No Reason can Validate Terrorism, Say Erdogan and Modi
Turkish Preisdent Recep Tayyip Erdogan, who is on a two-day visit to India, met Prime Minister Narendra Modi on Monday and the two leaders said that no reason or rationale can validate terrorism and pitched for strong action against those who provide shelter and support to such forces.
Turkish President Recep Tayyip Erdogan (L) and Indian Prime Minister Narendra Modi (R) shake hands during their meeting at Hyderabad House in New Delhi. (Photo by Ahmet Izgi/Anadolu Agency/Getty Images)
New Delhi: Turkish President Recep Tayyip Erdogan, who is on a two-day visit to India, met Prime Minister Narendra Modi on Monday, and the two leaders said that no reason or rationale can validate terrorism and pitched for strong action against those who provide shelter and support to such forces.
The two countries held comprehensive discussions and took stock of full range of bilateral relations, including political and economic.
Addressing a joint press event with Erdogan, Modi said, "We live in times where our societies face new threats and challenges every day. The context and contours of some of the exiting and emerging security challenges globally are our common concern."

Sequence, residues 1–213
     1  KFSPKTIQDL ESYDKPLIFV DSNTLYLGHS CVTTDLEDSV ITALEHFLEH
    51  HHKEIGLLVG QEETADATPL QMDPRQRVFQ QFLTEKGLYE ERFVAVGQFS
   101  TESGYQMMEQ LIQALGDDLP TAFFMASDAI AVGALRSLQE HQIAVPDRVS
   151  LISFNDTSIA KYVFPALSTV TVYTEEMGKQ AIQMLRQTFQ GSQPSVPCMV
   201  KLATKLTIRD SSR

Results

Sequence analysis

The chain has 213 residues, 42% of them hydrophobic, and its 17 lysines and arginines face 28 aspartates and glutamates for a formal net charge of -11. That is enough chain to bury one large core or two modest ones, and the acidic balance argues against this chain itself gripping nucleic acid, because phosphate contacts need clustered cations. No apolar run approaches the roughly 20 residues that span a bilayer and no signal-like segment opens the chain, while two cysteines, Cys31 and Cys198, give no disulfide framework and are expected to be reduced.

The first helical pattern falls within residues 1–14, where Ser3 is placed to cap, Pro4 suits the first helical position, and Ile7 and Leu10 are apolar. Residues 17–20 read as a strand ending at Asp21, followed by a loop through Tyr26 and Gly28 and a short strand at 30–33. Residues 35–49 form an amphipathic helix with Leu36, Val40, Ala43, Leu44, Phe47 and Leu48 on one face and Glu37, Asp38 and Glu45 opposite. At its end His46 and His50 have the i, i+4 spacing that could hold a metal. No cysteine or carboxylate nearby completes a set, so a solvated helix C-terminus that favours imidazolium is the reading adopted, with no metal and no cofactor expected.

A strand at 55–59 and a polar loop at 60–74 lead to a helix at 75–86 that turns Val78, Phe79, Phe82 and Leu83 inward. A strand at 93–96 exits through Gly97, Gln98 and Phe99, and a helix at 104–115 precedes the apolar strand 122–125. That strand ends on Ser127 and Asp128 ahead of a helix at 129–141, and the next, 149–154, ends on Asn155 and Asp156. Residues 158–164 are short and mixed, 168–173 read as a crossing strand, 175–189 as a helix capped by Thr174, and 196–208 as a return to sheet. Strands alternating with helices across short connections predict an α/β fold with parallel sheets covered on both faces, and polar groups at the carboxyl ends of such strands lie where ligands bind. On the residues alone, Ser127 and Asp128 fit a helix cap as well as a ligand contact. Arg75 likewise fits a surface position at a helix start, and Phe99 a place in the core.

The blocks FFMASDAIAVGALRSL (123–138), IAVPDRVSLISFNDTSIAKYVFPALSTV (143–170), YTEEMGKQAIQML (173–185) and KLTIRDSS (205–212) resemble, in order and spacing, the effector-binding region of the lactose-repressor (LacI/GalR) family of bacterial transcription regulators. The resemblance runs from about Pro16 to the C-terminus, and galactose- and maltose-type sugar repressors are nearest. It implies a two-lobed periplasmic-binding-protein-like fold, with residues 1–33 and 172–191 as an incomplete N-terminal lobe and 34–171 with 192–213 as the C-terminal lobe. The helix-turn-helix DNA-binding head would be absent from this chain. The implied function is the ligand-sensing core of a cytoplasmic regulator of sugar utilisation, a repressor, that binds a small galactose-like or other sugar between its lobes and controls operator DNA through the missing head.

"In particular, the constantly evolving threat from terrorism is our shared worry. I held an extensive conversation with the Turkish president on this subject. We agreed that no intent or goal or reason or rationale can validate terrorism," he said.
Modi also strongly pitched for the need to work as one to disrupt the terrorist networks and their financing and put a stop to cross-border movement of terrorists, in an obvious reference to Pakistan-based terror outfits, PTI reported.
"President (Erdogan) and I agreed to work together to strengthen our cooperation, both bilaterally and multilaterally, to effectively counter this menace," the prime minister added.
On his part, Erdogan said, "His country will always be with India in its battle against terrorism... And terrorists will be drowned in the blood they shed."
Ahead of his visit to India, Erdogan had pitched for a multilateral dialogue to resolve the Kashmir issue to ensure peace in the region.
"We should not allow more casualties to occur (in Kashmir). By having a multilateral dialogue, (in which) we can be involved, we can seek ways to settle the issue once and for all," he had told a TV channel in an interview.
The remarks are contrary to the position of India, which maintains that the Jammu and Kashmir issue is a bilateral matter between it and Pakistan, and that there is no scope for a third party mediation.
This is Erdogan's first foreign tour after winning a controversial referendum on April 16 that further consolidated his executive powers.
(with inputs from PTI)
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